At least he's using his powers for good, instead of evil.
Thursday, March 29, 2007
If Pynchon were a superhero (and, of course, he's my superhero), his code name would be Mr. Furious. Because when he gets angry ... very very angry ... watch out!
Wednesday, March 28, 2007
*yeesh. edited to add a title. sorry.
Yesterday's post provoked more comments than I've seen since that time I was swearing in both official languages, even more comments than that time I appeared on a cult TV show, got struck by lightning, and revealed my congenital deformity. Seriously. Daycare? It's a big topic. NoMo and Bloor West Mama faced a situation similar to ours; Mad Hatter and Her Bad Mother and Sage are STILL on waiting lists for university day care; Jennifer (ponderosa) longs for Canadian-style family leave provisions in the US and recalls terrible stress and Oh, The Joys, GingaJoy, and Jenifer (R&PG) reassure me everything will be okay; Beck, quite sensibly, is horrified by the financial outlay the whole process requires. Em, regrettably, indicates that this is a transcontinental concern.
The kindness and passion of your responses, and the stories you shared in part have got me thinking thinking thinking about this issue. And thinking about how a while back GingaJoy noted that, strangely enough considering the way the larger media culture portrays motherhood, in the blogosphere the working mommies and the SAHM don't seem to be at each others' throats. So I'm thinking thinking thinking about a post on daycare and homecare and respect for mothers and the choices they make for themselves and their families.
When I get to thinking, stuff like this happens:
Can you see Miss Baby? That's her, the little pink blot underneath the nested end tables. I can tell you she started out in the middle of the room, sitting up, and made her way gradually but inexorably toward the underneath of the end tables. She was going after a cat toy. After having made the big mess of toys you see on the carpet. Her favorite thing in the world right now is to take everything that's in a container out of the container. When she's not looking, I put stuff back in and so she never runs out of stuff to take out. Until I get to thinking. Then situations such as you see above tend to occur. At which point, naturally, I go upstairs to look for the camera.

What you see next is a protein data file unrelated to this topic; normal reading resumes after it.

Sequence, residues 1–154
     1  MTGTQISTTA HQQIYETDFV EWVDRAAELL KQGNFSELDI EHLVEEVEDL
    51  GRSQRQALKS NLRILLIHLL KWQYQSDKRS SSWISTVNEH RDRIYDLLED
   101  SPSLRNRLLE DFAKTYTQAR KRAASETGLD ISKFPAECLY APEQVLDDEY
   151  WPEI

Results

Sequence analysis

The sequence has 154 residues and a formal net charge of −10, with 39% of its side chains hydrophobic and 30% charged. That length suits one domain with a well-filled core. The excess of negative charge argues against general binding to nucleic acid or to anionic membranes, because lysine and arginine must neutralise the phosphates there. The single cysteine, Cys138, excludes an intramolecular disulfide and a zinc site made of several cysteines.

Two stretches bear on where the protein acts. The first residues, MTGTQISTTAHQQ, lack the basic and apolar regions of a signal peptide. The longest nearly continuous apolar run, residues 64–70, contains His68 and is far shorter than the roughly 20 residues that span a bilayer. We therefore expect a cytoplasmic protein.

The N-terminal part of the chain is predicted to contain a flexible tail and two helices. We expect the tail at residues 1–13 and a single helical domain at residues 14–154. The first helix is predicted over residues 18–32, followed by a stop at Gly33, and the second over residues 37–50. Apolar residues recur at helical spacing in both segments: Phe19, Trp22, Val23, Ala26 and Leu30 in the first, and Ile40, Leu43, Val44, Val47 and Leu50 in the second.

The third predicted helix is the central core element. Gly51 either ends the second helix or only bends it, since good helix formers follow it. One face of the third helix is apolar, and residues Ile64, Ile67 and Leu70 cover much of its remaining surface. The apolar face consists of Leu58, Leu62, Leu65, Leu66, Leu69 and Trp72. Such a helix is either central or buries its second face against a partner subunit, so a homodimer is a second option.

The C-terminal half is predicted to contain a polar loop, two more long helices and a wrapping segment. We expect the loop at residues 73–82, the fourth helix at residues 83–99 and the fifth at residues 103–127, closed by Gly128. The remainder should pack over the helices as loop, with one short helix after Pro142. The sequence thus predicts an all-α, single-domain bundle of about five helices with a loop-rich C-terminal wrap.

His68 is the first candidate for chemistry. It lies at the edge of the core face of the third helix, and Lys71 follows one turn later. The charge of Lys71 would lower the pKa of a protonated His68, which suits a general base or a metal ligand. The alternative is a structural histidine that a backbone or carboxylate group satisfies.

I will continue thinking, but only when Miss Baby is adequately supervised, or asleep, and get to work on a thinky post. Hm. That's the kind of cheap fun we can afford now that we have to get out the Big Chequebook for our daycare deposit. Yay.
Tuesday, March 27, 2007
Pretty much one year ago, roundly pregnant, under a pile of grading, swollen feet up on my desk, and piles of lumber not yet constructed into baby furniture stacked in the guest room, I signed up 'Baby Breach' for daycare. Well, I put 'Baby' on the waiting list, and paid 25$ for the privilege of being told that we could expect a wait of about 18 months for a spot in the infant room to open up. It seemed ridiculous to sign up a fetus for daycare, and 'July 2007' seemed so far away when I was counting the passage of time in weeks of pregnancy.
It's a good daycare: it's on campus, it's a coop, it has a great reputation. It is a licensed early childhood education centre, a regulated establishment. I feel confident of the care Miss Baby would receive there. Apparently, the 18 months of the list we were on represented the shorter wait: we got priority for being a 'campus' family. Babies unaffiliated with the university were best advised to be put on the list before conception if they were to have any hope of being placed when the one-year parental leave ran out. This is ridiculous.
When I called last week to check our status, there were still 15 families ahead of us in the line for infant care. We were told it might be September before Miss Baby could attend. I was panicked, and also angry: my university promotes its daycares in its recruitment literature aimed at providing a family friendly workplace, and Miss Baby, on the waiting list before her birth even, wasn't going to get in, leaving one university family at least in a very tight position. I know this is in no way unusual, and that many of you have similar problems. But that doesn't make the panic and anger any less real in our individual situation.
Yesterday, though, from underneath another pile of end-of-term grading, I heard the phone ring. Daycare is 99% sure of being able to offer Miss Baby a spot in the infant room.
Here's the catch: it's 2 months earlier than we want it.
Our options are to accept or to decline. To decline puts us back on the list, with still 15 families ahead of us, and no guarantee of Miss Baby ever getting in. To accept means putting Miss Baby in care younger than we had planned, and it means curtailing Pynchon's parental leave by two months. But. It also means forking over an extra $1800 to what we had planned for the year.
The fourteen families in the queue ahead of us had declined the spot. I can't know their reasons, but I imagine, similarly to us, that they had planned a certain timetable of returns-to-work, of trips, of leaves and home-based care. But probably some of them just can't afford paying for months of daycare they don't, strictly speaking, need or want.